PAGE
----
According to Variety, Fuller didn't leave Discovery voluntarily. He was allegedly pushed out.
It was originally reported that Fuller, who has extensive experience as a writer and producer for various Star Trek series including Deep Space Nine and Star Trek: Voyager, had passed the torch to executive producers Gretchen Berg and Aaron Harberts because of his other commitments. Fuller eventually stepped away from Discovery in full, citing work on American Gods as his reason.
But according to the report, sources within CBS say that Fuller's innovative and creative style — a style that isn't exactly focused on deadlines and budgets — wasn't a good fit for CBS and may have led to his departure.
A significant missed deadline that may have contributed to Fuller leaving Discovery involved scripts for the series that were months overdue. Executive producer Alex Kurtzman told the magazine that when he and Fuller informed network CEO Les Moonves that the show wouldn't make the publicized January premiere, Moonves wasn't thrilled, but took the news well.
"It wasn't his favorite news, but he totally understood," Kurtzman said.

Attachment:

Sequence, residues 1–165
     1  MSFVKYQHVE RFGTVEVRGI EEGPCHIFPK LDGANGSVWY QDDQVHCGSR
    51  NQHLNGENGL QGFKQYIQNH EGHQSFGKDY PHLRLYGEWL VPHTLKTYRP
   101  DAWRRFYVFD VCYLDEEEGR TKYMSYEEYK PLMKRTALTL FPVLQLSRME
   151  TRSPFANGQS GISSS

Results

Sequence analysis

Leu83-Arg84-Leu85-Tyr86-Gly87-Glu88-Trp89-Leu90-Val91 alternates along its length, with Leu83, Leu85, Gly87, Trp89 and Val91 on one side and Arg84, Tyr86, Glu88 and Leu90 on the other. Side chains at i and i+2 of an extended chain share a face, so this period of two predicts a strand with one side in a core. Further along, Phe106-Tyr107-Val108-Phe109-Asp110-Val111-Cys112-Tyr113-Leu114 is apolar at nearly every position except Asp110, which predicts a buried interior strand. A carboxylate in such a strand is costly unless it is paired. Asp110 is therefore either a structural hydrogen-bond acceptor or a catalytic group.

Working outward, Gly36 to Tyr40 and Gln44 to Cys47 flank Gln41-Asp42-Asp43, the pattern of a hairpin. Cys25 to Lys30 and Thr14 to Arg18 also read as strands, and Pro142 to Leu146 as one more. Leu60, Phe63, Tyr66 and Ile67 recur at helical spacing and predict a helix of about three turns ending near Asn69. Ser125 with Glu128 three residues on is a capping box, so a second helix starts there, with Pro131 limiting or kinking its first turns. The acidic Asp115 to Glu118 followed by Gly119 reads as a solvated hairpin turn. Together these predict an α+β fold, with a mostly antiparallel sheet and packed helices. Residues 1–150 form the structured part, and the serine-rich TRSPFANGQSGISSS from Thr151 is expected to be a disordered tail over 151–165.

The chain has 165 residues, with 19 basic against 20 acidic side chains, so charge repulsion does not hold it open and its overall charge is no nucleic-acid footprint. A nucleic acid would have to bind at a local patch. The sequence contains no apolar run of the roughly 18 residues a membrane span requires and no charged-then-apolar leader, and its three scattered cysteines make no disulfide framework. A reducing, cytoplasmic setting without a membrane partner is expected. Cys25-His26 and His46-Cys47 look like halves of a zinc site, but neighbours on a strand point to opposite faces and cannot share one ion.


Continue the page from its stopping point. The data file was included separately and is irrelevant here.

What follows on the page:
A month after the conversation, Fuller was no longer connected to the project.
Despite no longer being attached to Discovery, Fuller's influence remains. He is still listed as the show's co-creator and shares story credit with Kurtzman. Fuller also has a screenplay credit for the show as well.
Star Trek: Discovery will debut on Sept. 24.
Set 10 years prior to the five-year mission of the Enterprise in Star Trek: The Original Series, Star Trek: Discovery follows the adventures of Starfleet on their missions to discover new worlds and new lifeforms, and one Starfleet officer who must learn that to truly understand all things alien, you must first understand yourself. The series will feature a new ship, new characters, and new missions while embracing the same ideology and hope for the future that inspired a generation of dreamers and doers.